In another illustrative aspect of the subject matter disclosed herein, the doped layer of insulating material 22, the doped liner layer 30 and/or the undoped layer of insulating material 32 may be provided with a desired stress profile to enhance the performance of the FinFET device. For example, in the case of an N-type FinFET, one or more of these layers of material may have a tensile stress to thereby enhance the mobility of electrons for the N-type FinFET device. In the case of a P-type FinFET, one or more of these layers of material may have a compressive stress to thereby enhance the mobility of holes for the P-type FinFET device. The manner in which materials are formed so as to exhibit the desired stress levels are well known to those skilled in the art.

As will be appreciated by one skilled in the art after a complete reading of the present application, the methods disclosed herein may be readily employed to fabricate CMOS based devices. In general, using known masking techniques, one type of device, e.g., the N-type FinFETs, may be exposed while the P-type FinFETs are masked, and the techniques disclosed herein may be performed on the exposed N-type FinFETs. Thereafter, the mask may be removed, and another mask may be formed that covers the N-type FinFETs and exposes the P-type FinFETs for further processing. The techniques disclosed herein may then be performed on the exposed P-type FinFETs.

The particular embodiments disclosed above are illustrative only, as the invention may be modified and practiced in different but equivalent manners apparent to those skilled in the art having the benefit of the teachings herein. For example, the process steps set forth above may be performed in a different order. Furthermore, no limitations are intended to the details of construction or design herein shown, other than as described in the claims below. It is therefore evident that the particular embodiments disclosed above may be altered or modified and all such variations are considered within the scope and spirit of the invention. Accordingly, the protection sought herein is as set forth in the claims below.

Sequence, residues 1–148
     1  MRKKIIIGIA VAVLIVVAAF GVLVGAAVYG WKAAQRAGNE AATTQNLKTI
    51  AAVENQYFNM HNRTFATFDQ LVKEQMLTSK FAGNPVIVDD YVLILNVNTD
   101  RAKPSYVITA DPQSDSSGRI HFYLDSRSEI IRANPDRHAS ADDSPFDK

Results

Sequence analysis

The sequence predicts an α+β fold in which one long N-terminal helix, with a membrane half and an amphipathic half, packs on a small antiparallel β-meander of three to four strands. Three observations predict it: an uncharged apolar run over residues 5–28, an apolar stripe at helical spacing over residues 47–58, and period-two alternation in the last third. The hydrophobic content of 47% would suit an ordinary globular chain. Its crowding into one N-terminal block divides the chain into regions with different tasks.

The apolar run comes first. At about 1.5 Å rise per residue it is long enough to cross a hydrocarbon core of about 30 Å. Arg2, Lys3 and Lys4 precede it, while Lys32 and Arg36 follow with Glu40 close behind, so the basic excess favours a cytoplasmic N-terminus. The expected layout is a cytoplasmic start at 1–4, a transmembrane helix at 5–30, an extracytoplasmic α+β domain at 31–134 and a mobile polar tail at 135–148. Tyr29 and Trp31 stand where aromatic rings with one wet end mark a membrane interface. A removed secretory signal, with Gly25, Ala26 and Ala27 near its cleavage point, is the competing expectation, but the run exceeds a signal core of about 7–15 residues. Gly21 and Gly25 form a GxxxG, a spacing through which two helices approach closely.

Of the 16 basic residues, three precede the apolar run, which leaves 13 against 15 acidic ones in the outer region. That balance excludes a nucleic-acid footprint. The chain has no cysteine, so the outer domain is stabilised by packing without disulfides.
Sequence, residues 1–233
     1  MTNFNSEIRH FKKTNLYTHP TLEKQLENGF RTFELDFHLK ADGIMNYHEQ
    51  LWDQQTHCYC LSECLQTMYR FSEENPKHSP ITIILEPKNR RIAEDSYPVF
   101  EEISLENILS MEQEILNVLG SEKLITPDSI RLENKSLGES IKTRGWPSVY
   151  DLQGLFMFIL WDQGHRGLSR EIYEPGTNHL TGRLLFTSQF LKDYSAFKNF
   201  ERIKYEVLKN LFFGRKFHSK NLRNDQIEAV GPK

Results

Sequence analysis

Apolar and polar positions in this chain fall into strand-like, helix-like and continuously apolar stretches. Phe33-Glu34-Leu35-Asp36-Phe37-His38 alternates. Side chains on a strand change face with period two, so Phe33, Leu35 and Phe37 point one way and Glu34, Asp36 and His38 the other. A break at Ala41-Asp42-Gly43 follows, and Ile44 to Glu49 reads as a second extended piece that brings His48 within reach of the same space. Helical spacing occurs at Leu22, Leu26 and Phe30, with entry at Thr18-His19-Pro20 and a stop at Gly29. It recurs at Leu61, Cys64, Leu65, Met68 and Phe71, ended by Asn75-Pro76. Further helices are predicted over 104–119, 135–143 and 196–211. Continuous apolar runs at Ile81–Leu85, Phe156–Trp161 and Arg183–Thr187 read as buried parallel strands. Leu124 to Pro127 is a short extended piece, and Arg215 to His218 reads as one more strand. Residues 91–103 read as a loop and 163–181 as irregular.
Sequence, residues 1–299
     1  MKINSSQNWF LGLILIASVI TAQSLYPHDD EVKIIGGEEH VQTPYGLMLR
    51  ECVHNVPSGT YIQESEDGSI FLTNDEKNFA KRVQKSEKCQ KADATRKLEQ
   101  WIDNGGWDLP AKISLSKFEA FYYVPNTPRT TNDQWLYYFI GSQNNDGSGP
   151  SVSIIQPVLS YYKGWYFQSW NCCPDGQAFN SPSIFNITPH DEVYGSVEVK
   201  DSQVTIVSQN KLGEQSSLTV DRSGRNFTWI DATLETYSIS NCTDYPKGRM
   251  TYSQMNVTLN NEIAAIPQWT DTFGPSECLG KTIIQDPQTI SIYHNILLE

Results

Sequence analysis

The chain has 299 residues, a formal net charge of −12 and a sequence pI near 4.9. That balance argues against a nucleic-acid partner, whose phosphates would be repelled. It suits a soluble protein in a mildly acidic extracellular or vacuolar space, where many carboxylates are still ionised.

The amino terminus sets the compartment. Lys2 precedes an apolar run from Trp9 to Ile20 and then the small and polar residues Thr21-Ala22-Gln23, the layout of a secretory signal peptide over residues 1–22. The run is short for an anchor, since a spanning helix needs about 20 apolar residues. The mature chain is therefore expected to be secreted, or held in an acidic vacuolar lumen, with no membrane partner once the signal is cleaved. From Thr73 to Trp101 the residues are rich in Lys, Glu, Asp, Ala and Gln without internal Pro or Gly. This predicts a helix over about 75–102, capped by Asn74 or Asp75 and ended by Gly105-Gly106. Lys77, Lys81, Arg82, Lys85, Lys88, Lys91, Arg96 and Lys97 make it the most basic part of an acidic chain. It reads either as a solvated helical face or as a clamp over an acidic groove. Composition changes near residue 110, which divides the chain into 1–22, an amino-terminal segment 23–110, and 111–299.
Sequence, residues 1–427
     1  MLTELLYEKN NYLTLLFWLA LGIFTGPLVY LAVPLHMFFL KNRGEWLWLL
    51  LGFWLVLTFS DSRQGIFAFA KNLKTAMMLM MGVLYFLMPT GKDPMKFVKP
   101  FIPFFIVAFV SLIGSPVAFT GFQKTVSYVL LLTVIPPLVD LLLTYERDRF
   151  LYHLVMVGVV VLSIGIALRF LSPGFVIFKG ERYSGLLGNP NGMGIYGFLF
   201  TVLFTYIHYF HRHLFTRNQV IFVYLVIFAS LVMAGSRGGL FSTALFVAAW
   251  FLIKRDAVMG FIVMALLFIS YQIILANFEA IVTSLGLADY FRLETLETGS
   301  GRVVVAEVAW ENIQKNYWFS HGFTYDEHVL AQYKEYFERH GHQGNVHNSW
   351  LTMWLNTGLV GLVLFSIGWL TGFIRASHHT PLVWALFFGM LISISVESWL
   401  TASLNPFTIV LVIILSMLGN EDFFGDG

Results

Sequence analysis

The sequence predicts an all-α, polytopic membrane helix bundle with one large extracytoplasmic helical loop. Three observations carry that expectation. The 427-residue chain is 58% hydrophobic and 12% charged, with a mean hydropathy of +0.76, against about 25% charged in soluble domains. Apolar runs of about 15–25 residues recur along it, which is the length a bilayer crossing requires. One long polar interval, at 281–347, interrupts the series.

Claims (19)

What is claimed:
1. A method of forming a FinFET device comprised of a gate structure, the method comprising:
forming a plurality of trenches in a semiconducting substrate to thereby define a plurality of spaced-apart fins in a semiconducting substrate, each of said trenches having a bottom surface;
forming a doped liner layer of insulating material on said fins and on the entire bottom surface of said trenches;
forming an undoped layer of insulating material above said doped liner layer such that said undoped layer of insulating material overfills said trenches and is positioned between said fins, wherein said undoped layer of insulating material has an upper surface that is positioned at a level that is above a level of an upper surface of said fins and above an upper surface of said doped liner layer;
performing at least one recess etching process to consume a portion of said doped liner layer and a portion of said undoped layer of insulating material to thereby define a recessed doped liner layer of insulating material and a recessed undoped layer of insulating material said recessed doped liner layer covering the entire bottom surface of said trenches and having a recessed upper surface that is positioned at a level that is below a level of the upper surface of each of said fins, wherein an exposed portion of each of said fins extends above said recessed upper surface of said recessed doped liner layer of insulating material while a covered portion of each of said fins is positioned below said recessed upper surface of said recessed doped liner layer of insulating material;
forming said gate structure comprised of a gate insulation layer and a gate electrode around said exposed portions of each of said fins and above said recessed doped liner layer of insulating material positioned on the entire bottom surface of said trenches and said recessed undoped layer of insulating material; and
at some point after forming said recessed doped liner layer of insulating material, performing at least one process operation to heat at least said recessed doped liner layer of insulating material to cause a dopant material in said recessed doped liner layer of insulating material to migrate from said recessed doped liner layer of insulating material into said covered portions of said fins and thereby define a doped region in said covered portions of said fins that is positioned under said exposed portions of said fins.
2. The method of claim 1, wherein forming said doped liner layer of insulating material comprises introducing said dopant material into said doped liner layer of insulating material by performing an in situ doping process whereby said dopant material is introduced into said doped liner layer of insulating material as it is being formed.
3. The method of claim 1, wherein forming said doped liner layer of insulating material comprises:
depositing an undoped liner layer of insulating material; and
performing at least one ion implantation process to introduce said dopant material into said undoped liner layer of insulating material.
4. The method of claim 1, wherein said FinFET device is an N-type FinFET device and wherein said doped liner layer of insulating material is doped with a P-type dopant.
5. The method of claim 4, wherein said doped liner layer of insulating material is boron silicate glass (BSG).
6. The method of claim 1, wherein said FinFET device is a P-type FinFET device and wherein said doped liner layer of insulating material is doped with an N-type dopant.